While Google made no specific mention of the U.S elections, the company announced that it would add a fact check tab to its Google News offerings. The last addition of a tab was “Local Source” which joined “In-Depth,” “Opinion,” “Wikipedia” and a number of others.
Growth of fact checking organizations warrants new “Fact Check” tag
According to Google, fact checking sources on the internet have been growing at a rapid rate in recent years led by organizations like International Fact-Checking Network and Duke University Reporter’s Lab among a host of others dedicated to distilling truth in the new that we read. Often, these groups work on conspiracy theories and urban legends, science and health as well as, of course, politics.
Once again, when Google announced the new tag, there was no mention of the presidential race and races at all levels of government, which will be largely decided on the second Tuesday of November, the eighth.
The LF Brook Absolute Return Fund lost -2.52% in the second quarter of 2021, compared to a positive performance of 7.59% for its benchmark, the MSCI Daily TR Net World Index. Year-to-date the fund has returned 4.6% compared to 11.9% for its benchmark. Q2 2021 hedge fund letters, conferences and more According to a copy Read More
Politics is a minefield of lies and while some politicians craving the same position as their opponent might stretch the truth or offer a misleading statement, there is a good chance even the more honest of the two vying for the same job, will likely get caught in a whopper or two. This is not to say that people won’t vote for their candidate regardless of the lies that he or she has told. For some, there is something “OK” about a politician lying to them and it’s viewed by some as simply par for the course.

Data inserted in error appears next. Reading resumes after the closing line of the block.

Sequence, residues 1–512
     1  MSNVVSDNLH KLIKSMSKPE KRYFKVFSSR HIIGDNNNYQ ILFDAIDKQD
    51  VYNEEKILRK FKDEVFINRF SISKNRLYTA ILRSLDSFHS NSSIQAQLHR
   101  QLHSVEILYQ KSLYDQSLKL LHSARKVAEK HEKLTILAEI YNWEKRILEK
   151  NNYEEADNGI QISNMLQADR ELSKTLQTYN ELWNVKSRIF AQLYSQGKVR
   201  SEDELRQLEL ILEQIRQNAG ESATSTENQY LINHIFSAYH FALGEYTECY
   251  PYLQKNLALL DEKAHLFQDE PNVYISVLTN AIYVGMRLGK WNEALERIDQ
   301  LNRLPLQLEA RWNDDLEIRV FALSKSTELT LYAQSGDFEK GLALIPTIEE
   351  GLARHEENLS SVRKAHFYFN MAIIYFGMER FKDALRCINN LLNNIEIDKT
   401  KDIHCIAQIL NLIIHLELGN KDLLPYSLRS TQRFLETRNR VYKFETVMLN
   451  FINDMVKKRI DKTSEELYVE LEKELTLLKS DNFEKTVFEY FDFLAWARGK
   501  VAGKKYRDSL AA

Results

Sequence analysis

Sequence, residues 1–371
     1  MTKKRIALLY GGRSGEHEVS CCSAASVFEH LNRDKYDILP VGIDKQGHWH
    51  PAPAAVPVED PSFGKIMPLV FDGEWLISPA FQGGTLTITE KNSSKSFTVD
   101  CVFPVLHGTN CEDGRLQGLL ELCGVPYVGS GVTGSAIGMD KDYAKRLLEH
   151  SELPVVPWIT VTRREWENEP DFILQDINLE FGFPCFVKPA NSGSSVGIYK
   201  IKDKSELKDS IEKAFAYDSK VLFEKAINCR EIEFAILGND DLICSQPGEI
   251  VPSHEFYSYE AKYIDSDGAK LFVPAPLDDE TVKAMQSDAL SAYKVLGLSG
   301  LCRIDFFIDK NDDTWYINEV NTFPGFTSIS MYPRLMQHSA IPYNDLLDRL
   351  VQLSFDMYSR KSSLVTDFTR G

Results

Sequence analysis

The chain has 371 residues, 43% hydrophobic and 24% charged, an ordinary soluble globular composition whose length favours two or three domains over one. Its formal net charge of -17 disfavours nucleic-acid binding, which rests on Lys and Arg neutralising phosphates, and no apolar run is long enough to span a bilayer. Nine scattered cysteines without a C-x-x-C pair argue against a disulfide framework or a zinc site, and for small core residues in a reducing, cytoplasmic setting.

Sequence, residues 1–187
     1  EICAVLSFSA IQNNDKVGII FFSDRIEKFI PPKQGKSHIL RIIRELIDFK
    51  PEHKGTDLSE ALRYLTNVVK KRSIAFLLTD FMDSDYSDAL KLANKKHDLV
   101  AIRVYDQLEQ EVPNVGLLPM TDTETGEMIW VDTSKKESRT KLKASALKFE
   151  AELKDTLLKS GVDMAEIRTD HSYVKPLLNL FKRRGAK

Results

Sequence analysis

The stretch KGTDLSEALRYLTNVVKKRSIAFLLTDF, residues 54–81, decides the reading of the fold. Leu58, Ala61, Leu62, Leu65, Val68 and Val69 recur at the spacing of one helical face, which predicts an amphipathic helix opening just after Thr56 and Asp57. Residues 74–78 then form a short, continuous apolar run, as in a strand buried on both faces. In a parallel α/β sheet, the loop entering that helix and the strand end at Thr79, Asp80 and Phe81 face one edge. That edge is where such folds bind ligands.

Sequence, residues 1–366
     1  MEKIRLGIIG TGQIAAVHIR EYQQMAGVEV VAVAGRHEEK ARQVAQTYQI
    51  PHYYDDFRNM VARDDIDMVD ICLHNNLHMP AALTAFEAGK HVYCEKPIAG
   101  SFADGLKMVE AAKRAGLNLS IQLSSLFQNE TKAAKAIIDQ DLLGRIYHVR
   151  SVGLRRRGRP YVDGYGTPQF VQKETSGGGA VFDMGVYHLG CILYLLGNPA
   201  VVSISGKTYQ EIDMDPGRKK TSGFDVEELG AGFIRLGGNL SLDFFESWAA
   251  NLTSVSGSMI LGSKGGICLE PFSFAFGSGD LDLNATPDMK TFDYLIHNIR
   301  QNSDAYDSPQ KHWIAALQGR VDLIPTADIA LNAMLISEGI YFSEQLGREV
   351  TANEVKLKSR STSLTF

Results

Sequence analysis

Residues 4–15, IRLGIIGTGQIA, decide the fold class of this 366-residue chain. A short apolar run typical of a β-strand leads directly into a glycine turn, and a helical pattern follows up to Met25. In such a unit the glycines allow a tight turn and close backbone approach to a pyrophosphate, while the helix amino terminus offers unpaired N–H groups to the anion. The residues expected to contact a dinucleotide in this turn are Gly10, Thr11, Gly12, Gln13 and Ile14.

Take this year’s presidential election, it’s pretty clear from voting records that Secretary Clinton favored the invasion of Iraq when she voted for it as the junior Senator from New York. Donald Trump has repeatedly said that he didn’t support the war, despite the fact that he is on tape talking to Howard Stern during his radio show saying that he supported the invasion of Iraq. Yet, for many supporters, it just doesn’t matter, Hillary Clinton must be stopped and if it takes lies….well, so be it.
But for others, fact checking organizations and news sources are important and welcome. The average person doesn’t have time to research all the claims made by politicians but they welcome a boiled-down, unbiased look at statements made by each candidate following, say, one of the two presidential debates that have taken place in recent weeks.
With the addition of the fact check tag, Google News users will find it easier to locate and article on a given topic which will dissect the veracity of truth (or lies) on the subject.
Fact Check won’t change the world, but it’s nice to have
Using something called Claim Review, Google will use the algorithms it’s famous for and uses to rank pages in search results, to link fact checked articles with the topic that users are interested in and caused their search or their preset preferences for news.
In announcing the new feature, Google said in a blog post that “We’re excited to see the growth of the Fact Check community and to shine a light on its efforts to divine fact from fiction, wisdom from spin.”
For now, the future will be available in the US and the UK until additional countries are added, but is available on both iOS devices as well as is its own Android.
Google has taken flak in the past for seeing its search algorithms promote fake news and the company is clearly concerned about this given the millions that depend on Google News. It’s a shame that Facebook hasn’t taken this step as recent studies have shown that for many the news they read is solely curated by the world’s largest social network.